Darwinism and academic culture: Skepticism not allowed?
A friend draws my attention to an essay published in Nature (458, 30 (5 March 2009) doi:10.1038/458030a) by a sociologist, who advises that we cannot live by skepticism alone.
Scientists have been too dogmatic about scientific truth and sociologists have fostered too much scepticism — social scientists must now elect to put science back at the core of society, says Harry Collins.Harry Collins is director of the Centre for the Study of Knowledge Expertise Science at Cardiff University, UK. He is currently working on a book about tacit and explicit knowledge.
As a friend points out, this guy's views are chilling:
One can justify anything with scepticism. Recently a philosopher acting as an expert witness in a court case in the United States claimed that the scientific method, being so ill-defined, could support creationism. Worse, scientific and technological ideas are nowadays being said to be merely a matter of lifestyle, supporting the idea that wise folk may be justified in choosing technical solutions according to their preferences — an idea horribly reminiscent of 'the common sense of the people' favoured in 1930s Germany. Some social scientists defend parents' right to reject vaccines and other unnatural treatments because a lack of danger cannot be absolutely demonstrated. At the beginning of the century, President Thabo Mbeki's policies denied anti-retroviral drugs to HIV-positive pregnant mothers in South Africa. Some saw this as a justified blow against Western imperialism, given that the safety and efficacy of the treatment cannot be proven beyond doubt.Well now, some responses:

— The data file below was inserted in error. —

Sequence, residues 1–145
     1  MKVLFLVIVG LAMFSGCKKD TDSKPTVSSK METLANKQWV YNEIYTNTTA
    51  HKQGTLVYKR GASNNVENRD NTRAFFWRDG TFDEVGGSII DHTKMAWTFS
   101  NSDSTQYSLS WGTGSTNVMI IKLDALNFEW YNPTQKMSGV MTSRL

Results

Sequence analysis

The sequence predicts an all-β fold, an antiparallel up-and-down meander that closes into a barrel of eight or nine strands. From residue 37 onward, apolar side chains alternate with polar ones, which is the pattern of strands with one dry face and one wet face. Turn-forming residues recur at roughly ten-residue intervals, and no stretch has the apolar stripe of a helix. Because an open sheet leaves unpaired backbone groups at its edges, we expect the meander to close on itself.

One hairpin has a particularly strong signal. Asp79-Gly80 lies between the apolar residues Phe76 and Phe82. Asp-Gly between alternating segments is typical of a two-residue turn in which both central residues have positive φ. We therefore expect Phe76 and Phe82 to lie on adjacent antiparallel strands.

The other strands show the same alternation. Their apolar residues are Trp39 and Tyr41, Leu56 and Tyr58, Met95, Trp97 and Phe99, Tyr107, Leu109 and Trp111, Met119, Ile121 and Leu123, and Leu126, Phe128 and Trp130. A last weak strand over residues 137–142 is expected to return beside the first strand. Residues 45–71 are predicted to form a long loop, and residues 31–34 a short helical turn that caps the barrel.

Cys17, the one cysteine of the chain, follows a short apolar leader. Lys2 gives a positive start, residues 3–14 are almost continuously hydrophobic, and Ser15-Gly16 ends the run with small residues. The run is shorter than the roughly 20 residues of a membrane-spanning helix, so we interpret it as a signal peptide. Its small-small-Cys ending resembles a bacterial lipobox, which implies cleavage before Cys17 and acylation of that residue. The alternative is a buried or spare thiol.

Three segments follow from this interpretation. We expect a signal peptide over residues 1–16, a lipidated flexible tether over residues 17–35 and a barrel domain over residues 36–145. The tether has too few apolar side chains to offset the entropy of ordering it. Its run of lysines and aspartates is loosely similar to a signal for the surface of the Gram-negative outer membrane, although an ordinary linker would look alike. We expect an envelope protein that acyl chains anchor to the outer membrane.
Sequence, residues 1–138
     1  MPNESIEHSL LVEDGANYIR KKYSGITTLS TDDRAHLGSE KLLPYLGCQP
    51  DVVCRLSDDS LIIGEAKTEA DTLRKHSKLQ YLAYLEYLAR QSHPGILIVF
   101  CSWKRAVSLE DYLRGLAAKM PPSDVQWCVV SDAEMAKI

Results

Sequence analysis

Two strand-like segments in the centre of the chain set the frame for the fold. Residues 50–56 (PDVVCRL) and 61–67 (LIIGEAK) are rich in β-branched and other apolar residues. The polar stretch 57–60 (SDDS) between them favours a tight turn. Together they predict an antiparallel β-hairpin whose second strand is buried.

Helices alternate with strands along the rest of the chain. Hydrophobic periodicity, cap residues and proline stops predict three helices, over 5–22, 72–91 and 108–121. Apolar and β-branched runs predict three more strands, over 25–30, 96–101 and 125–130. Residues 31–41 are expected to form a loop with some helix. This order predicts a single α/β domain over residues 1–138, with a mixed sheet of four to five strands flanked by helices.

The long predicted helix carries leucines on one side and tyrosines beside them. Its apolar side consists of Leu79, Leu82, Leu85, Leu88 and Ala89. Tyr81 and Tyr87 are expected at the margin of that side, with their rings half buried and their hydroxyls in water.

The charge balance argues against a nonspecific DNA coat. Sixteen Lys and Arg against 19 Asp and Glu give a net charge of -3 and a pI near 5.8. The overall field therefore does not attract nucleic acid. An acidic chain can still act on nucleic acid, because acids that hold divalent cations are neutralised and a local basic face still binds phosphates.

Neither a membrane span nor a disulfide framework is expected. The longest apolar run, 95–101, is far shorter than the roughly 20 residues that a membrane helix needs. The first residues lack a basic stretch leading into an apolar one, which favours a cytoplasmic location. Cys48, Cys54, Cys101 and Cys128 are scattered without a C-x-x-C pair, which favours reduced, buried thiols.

1. The scientific method can support any evidence-based view, and that would include creationism (= the Big Bang, for example).
2. Common sense is the best deterrent to fanaticism based on ideological certainty. Fanaticism based on ideological certainty has killed far more innocent people than common sense ever did.
3. Compulsory vaccination is a bad idea because most people will simply choose to be vaccinated, which greatly reduces the prevalence - and danger - of an illness. That usually means that even the people who don't get vaccinated are much less likely to get it. So there is really no need for strong arm tactics.*
Because advanced modern societies can consistently exert more technical power over the average person than traditional ones could is all the more reason to be cautious about how that power is used.
4. I think that Mbeki's policies re anti-retrovirals must have been hatched on some planet other than Earth. But he is the head of South Africa. If South Africans do not care enough to do something about this problem, I would recommend that (1) we consider the possibility that they know something we don't; or (2) those of us who care should design inputs that do not cause more hostility to us than to him (easy to bring about, unfortunately, as the history of imperialism has shown).
In my view, there is currently way too little skepticism today, rather than too much.
Indeed, another friend writes to say that Collins's views sound like "consensus science" in the sense that outsiders have no access to truth, and have to rely on the votes of current science establishment figures. And they must not be skeptical. As my friend points out, this approach "closes the door to effective critiques, because the standard is 'expertise' rather than evidence."
*I remember when the Salk vaccine against polio came to Regina, Saskatchewan, in - I think - 1955. I was a small child in a lineup in front of the school house stretching way down the street, whining, "Mommy, I'm scared! I don't want a needle!" My mom was carrying my brother and holding my younger sister's hand, and she told me, "Just be quiet! You don't want polio either."
As per usual, it did not take long for average Canadians to figure out what science advances were really of use to us. We are way better at that than some would give us credit for.
Find out why there is an intelligent design controversy: